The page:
With net-zero pathways calling for a dramatic decrease in the production and use of fossil fuels by 2050 — including from within many energy organisations — the industry needs to prepare for impacts on jobs and develop new investment strategies, an industry panel was told.
“Of course some jobs will be lost,” said Connie Hedegaard, a Danish former European Commissioner for Climate Action. “And honestly, throughout history, we have been sort of exchanging positions and some jobs for [others that] were created.”
At Norway-based DNV’s launch of its Energy Transition Outlook, Hedegaard stressed that the industry needs to prepare for this downscaling.
With downscaling comes stranded assets, posing the risk of lost capital to companies, but the first step, Hedegaard said, is to stop adding more such assets through investments.
“A lot of money is being invested in the oil economy. If we stopped that, if we had clear criteria and transparency to ensure that, in the future we would have less strength in assets,” Hedegaard said.
DNV’s outlook reported on the industry’s progress in moving towards green energy by 2050, and its conclusions were not very encouraging.
In particular, the report forecast that fossil fuels will make up half of the energy mix by 2050, but observed that the application of carbon capture and storage (CCS) technology will not accelerate fast enough to decarbonise the industry, and looks on course to capture only 3.6% of carbon dioxide emissions from fossil fuels by the Paris deadline.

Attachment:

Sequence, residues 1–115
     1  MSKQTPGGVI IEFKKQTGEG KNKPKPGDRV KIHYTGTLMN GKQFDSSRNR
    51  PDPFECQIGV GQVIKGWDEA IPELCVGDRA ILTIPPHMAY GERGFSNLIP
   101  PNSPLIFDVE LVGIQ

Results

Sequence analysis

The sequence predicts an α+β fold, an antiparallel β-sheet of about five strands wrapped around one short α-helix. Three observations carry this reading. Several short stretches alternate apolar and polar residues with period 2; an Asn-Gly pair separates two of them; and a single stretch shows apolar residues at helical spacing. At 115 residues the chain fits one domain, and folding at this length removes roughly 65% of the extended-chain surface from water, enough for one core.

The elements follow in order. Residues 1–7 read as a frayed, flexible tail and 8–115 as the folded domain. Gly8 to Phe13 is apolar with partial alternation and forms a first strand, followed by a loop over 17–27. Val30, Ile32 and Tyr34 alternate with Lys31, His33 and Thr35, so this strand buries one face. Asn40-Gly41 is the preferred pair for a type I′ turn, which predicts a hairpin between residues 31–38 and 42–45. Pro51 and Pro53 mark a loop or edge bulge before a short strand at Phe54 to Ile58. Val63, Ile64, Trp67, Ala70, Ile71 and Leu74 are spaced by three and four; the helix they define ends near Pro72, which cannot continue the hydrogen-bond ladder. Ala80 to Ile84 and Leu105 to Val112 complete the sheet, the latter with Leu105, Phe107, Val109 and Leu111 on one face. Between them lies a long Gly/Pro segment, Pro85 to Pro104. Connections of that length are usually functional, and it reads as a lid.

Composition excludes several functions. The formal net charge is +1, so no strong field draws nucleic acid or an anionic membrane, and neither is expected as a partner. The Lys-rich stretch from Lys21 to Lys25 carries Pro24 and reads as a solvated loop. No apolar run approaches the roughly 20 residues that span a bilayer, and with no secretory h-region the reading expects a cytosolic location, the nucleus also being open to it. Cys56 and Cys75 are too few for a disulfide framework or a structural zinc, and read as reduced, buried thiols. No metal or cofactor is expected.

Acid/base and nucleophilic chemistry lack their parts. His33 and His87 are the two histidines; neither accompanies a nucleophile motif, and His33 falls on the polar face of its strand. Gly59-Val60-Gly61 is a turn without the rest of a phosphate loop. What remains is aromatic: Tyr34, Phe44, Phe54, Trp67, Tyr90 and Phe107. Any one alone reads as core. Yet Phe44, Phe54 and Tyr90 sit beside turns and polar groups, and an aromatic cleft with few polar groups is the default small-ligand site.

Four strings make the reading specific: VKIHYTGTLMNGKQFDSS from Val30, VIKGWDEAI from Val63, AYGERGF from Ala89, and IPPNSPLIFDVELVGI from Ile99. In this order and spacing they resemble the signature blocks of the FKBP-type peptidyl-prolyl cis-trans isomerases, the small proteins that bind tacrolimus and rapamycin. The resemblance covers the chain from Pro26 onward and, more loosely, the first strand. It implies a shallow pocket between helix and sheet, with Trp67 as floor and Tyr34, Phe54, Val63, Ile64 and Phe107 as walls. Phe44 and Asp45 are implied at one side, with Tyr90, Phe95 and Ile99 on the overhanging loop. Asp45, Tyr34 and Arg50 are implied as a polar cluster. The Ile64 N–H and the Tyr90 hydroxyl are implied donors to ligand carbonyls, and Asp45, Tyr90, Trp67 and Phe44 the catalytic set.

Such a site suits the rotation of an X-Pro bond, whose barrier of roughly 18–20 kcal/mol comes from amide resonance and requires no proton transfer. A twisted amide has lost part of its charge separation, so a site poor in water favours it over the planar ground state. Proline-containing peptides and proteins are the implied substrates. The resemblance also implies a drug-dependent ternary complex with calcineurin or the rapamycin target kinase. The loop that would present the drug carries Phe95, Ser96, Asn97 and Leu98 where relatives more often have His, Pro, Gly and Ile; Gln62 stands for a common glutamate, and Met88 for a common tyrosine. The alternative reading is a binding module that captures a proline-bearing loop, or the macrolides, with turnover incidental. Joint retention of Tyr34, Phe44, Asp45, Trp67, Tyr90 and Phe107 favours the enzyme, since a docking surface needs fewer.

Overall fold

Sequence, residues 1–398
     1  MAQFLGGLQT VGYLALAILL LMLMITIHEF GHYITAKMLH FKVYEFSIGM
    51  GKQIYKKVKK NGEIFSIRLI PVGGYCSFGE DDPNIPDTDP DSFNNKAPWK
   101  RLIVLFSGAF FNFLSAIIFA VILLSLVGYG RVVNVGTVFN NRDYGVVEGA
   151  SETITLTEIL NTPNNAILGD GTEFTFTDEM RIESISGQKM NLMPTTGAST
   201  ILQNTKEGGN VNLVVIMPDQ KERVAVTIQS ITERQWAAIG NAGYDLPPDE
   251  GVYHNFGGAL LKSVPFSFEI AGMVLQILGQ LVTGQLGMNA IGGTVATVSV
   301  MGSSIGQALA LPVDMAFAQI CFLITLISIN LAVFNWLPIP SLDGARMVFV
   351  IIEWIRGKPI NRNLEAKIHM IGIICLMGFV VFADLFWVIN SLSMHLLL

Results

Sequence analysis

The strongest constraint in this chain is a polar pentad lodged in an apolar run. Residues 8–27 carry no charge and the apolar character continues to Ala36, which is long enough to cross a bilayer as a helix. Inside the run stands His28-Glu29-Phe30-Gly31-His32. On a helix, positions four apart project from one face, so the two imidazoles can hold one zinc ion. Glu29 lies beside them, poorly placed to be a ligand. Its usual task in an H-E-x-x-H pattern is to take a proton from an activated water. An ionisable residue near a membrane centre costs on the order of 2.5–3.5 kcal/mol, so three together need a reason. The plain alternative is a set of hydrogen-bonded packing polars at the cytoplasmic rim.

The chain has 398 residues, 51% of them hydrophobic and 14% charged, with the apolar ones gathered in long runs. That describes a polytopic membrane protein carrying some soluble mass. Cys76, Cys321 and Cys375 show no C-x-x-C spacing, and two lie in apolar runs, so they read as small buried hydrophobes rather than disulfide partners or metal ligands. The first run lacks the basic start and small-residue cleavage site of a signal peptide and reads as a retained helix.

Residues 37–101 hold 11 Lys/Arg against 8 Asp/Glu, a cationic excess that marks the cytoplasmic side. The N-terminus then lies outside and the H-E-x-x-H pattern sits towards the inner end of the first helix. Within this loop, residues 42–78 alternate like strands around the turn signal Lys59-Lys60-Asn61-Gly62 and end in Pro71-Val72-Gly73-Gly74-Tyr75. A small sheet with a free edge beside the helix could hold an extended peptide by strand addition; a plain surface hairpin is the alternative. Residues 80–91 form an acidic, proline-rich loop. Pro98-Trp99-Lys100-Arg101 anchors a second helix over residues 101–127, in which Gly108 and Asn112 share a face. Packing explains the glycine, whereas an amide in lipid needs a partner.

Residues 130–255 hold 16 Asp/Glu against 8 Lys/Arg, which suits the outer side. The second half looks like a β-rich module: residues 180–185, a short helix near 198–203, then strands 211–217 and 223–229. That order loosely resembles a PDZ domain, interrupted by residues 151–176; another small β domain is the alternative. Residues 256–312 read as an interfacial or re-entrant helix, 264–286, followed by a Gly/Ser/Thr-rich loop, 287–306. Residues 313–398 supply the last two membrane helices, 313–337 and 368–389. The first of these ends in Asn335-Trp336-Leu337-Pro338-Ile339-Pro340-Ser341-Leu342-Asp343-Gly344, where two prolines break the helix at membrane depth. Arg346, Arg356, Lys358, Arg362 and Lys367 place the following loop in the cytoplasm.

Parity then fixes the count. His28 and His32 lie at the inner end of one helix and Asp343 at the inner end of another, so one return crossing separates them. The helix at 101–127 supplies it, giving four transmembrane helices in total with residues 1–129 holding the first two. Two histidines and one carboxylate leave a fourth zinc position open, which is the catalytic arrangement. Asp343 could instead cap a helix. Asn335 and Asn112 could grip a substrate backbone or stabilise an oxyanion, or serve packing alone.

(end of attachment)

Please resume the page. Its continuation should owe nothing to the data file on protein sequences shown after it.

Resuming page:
DNV chief executive officer Remi Eriksen said he expected an acceleration in energy efficiency to become a major factor in restraining demand in the next few decades.
But he warned that many governments have missed an opportunity to include transformative policy in their Covid-19 recovery packages that could have been used to improve infrastructure to make it cleaner and more decarbonised.
Norwegian Minister of Foreign Affairs Ine Marie Eriksen Soreide emphasised that throughout the transition, the world will have to pay attention to the geopolitical repercussions of our actions, or lack of action.
“How major international players cope with the transition away from fossil fuel over the next decades will have fundamental implications for the stability of geopolitical regions' power distribution, and also for global security,” Soreide said.
As effects of climate change worsen, countries already at risk of violent conflict bear the brunt of the environmental burden, which could lead to further displacement and resource conflicts.
Soreide said climate change is a threat multiplier, and Norway and other developed countries should not leave others behind.
“Global warming is by default a global problem,” she said. “And that is why there is absolutely no alternative to multilateral cooperation … and there is a very short window for decisive action.”
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